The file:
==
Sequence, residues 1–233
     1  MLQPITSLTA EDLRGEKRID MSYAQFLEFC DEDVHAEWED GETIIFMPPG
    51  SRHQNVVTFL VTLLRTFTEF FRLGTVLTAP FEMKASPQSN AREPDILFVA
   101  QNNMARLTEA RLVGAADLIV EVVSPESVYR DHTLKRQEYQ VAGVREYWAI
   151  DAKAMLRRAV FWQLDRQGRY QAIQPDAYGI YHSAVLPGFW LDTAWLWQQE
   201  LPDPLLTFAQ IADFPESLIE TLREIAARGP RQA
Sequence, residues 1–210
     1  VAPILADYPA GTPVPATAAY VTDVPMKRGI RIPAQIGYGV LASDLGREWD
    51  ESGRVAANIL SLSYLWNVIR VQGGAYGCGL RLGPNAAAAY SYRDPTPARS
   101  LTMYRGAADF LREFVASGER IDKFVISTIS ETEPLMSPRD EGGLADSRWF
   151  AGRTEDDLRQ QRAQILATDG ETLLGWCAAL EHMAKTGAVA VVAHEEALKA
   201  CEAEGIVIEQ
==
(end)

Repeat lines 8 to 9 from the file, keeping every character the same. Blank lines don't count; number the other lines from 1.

     1  VAPILADYPA GTPVPATAAY VTDVPMKRGI RIPAQIGYGV LASDLGREWD
    51  ESGRVAANIL SLSYLWNVIR VQGGAYGCGL RLGPNAAAAY SYRDPTPARS